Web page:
Historic Route 66

It was the route of Midwesterners escaping ruined farmland and young men seeking adventure under the bright lights of Los Angeles. Thousands of Brady Bunch families traveled by the soda fountains, classic court motels, and neon lights in the 60s. It stared in the movie “Cars” and made a cameo appearance in “The Grapes of Wrath.” Historic Route 66 – The Mother Road – is one of the iconic highways in America. Arizona’s Historic Route 66 spans more than 385 miles including the longest original alignment section still in use.  The road began as Beale’s Wagon Road, National Old Trails Road, the Santa Fe Highway and other old road remnants that were pulled together as part of a cross- country highway spanning from Chicago to Los Angeles. Even though planning started in 1914, Route 66 wasn’t completely paved until 1937.

When, in the face of the interstate, the road began to decline, local Seligman barber Angel Delgadillo gathered together 30 business and attractions owners who decided to take action. He founded the Historic Route 66 Association of Arizona, which you can meet in Kingman. Even though Interstate 40 now runs over some of the original roadbed, the quaint charming towns along the old route are still waiting to be explored. There may be kitschy things, trading posts and original hotels and motels, but that’s the fun of it.   Elsewhere, neon lit drags filled with classic cars, cowboys, diners, and ever-changing times coexist peacefully with National Park sites, incredible natural phenomenon, historic restorations and more. The stories of locals are a wonderful part of the journey not to be missed. Ask your waitress at a local restaurant what’s going on – and get ready for whatever the answer may be. Plan to savor and enjoy your entire journey across Arizona – as the song says “Get Your Kicks on Route 66!”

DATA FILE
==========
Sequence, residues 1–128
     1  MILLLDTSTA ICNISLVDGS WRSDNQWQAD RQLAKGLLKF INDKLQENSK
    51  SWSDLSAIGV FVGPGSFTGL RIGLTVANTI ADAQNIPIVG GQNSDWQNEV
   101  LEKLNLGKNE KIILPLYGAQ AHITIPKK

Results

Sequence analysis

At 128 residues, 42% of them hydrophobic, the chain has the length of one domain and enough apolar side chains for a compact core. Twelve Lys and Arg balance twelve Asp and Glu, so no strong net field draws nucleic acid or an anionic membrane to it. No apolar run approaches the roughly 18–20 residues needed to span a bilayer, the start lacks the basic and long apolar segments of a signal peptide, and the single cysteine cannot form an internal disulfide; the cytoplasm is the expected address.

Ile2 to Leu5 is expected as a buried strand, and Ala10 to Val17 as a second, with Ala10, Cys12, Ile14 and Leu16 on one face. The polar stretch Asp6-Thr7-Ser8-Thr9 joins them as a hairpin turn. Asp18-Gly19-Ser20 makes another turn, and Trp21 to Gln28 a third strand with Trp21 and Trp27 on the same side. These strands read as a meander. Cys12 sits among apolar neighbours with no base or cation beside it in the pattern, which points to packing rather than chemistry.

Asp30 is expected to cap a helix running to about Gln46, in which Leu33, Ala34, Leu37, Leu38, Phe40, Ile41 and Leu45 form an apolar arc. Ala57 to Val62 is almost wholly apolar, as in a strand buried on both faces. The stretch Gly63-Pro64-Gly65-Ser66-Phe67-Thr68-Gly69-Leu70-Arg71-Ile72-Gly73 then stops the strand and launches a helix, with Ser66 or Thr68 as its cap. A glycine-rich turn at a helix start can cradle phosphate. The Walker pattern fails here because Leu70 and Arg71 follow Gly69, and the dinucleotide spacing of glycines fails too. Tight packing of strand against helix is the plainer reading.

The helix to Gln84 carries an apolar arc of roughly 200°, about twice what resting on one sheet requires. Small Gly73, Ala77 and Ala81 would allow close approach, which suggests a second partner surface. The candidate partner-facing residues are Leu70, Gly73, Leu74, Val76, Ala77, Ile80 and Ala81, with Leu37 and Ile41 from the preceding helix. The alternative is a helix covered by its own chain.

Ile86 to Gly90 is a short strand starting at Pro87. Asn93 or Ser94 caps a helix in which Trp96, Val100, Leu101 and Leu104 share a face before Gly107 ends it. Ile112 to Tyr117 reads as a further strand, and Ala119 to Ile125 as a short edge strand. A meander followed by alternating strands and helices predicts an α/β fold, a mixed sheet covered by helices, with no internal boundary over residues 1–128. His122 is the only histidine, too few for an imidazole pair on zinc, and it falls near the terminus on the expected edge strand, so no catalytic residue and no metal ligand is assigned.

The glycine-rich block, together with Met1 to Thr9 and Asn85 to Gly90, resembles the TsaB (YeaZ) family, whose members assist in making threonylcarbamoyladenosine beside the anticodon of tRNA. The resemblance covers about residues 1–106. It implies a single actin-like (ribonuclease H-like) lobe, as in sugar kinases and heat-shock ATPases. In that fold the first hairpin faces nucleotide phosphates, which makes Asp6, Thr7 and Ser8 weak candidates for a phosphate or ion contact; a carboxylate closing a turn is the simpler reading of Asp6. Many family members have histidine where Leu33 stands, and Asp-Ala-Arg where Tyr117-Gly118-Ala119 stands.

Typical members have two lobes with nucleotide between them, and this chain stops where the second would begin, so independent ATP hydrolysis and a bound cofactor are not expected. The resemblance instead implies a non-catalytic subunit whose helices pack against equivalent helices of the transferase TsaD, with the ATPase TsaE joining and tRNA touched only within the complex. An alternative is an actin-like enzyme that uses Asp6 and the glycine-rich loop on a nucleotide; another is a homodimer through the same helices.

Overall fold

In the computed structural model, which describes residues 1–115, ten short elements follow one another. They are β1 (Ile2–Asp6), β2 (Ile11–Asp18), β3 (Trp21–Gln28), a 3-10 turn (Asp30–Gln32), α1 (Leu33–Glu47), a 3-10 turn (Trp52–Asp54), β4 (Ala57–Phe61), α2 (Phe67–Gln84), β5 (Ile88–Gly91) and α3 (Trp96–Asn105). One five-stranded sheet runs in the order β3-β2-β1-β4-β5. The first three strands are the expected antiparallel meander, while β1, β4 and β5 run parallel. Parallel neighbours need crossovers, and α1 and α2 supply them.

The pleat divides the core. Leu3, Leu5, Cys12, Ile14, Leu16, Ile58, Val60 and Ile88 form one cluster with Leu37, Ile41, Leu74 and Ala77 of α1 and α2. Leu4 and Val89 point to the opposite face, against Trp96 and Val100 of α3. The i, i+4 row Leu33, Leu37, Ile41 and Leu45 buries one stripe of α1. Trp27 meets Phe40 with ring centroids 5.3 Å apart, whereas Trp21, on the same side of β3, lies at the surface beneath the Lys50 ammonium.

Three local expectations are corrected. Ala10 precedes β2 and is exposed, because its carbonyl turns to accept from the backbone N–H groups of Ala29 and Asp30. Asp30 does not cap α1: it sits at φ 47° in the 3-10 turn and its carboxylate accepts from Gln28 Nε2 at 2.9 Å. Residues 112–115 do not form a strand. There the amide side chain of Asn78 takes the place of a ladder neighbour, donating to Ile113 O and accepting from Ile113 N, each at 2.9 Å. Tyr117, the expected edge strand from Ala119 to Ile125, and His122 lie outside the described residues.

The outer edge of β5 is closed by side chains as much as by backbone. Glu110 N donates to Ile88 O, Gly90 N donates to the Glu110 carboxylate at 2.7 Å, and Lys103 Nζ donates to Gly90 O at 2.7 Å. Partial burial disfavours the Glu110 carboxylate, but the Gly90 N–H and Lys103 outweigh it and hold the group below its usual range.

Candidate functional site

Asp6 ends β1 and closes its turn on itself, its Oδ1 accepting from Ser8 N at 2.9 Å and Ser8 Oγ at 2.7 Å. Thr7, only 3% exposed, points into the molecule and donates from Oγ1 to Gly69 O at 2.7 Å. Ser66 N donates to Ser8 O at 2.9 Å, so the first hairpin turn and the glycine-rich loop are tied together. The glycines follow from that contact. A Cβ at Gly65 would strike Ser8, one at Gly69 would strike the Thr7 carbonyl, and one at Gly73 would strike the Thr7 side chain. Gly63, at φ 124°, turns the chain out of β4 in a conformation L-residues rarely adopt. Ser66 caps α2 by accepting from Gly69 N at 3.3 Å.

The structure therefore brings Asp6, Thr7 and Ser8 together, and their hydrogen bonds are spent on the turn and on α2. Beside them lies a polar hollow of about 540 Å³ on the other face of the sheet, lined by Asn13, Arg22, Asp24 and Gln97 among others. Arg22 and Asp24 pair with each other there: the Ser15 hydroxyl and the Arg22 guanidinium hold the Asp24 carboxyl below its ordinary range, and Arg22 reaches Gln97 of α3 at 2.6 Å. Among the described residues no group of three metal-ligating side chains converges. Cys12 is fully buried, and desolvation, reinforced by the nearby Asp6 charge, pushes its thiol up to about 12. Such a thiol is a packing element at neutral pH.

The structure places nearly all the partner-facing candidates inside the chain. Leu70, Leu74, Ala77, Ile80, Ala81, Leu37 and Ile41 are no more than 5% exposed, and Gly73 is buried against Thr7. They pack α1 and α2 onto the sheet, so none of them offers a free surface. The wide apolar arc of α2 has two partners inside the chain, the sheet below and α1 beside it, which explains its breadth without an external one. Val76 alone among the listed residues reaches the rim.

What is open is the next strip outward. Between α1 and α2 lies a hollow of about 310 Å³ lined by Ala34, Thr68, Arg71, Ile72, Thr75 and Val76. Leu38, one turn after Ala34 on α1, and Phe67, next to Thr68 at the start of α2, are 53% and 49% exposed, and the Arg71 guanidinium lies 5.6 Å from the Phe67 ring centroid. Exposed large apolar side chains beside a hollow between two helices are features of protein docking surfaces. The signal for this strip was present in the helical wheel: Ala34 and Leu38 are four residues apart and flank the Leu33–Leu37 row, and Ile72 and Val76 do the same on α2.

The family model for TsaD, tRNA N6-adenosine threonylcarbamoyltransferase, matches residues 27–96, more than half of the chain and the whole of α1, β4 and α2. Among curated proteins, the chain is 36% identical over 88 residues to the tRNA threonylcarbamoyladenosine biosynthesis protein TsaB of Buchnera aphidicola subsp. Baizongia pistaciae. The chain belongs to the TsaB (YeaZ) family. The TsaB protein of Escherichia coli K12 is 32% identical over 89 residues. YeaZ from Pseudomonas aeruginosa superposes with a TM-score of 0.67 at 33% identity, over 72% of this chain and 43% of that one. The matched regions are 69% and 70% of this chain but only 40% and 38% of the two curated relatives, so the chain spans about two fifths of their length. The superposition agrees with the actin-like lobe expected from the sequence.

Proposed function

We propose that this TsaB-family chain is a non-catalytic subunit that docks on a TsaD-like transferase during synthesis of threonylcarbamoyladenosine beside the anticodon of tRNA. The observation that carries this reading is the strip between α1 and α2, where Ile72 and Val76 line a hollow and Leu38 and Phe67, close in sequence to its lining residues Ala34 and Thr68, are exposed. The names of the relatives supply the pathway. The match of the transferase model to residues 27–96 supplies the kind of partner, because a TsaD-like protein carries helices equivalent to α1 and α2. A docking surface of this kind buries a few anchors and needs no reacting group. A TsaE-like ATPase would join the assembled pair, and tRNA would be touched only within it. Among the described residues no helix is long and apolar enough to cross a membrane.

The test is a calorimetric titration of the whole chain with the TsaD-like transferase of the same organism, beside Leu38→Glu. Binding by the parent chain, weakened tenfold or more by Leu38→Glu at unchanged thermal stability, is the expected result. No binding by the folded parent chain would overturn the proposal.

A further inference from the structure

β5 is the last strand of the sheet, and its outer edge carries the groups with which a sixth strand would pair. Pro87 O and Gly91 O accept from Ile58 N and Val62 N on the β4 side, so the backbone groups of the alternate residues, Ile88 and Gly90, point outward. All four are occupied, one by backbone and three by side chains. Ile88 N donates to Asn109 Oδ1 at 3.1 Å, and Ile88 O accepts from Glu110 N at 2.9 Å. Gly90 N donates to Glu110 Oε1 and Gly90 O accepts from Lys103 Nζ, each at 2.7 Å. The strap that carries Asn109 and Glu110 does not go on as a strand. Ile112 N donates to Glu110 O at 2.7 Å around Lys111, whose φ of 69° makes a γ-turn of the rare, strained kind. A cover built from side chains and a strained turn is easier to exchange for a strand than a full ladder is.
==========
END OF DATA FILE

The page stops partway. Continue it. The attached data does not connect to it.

Historic Route 66 Arizona: Rambling the Mother Road

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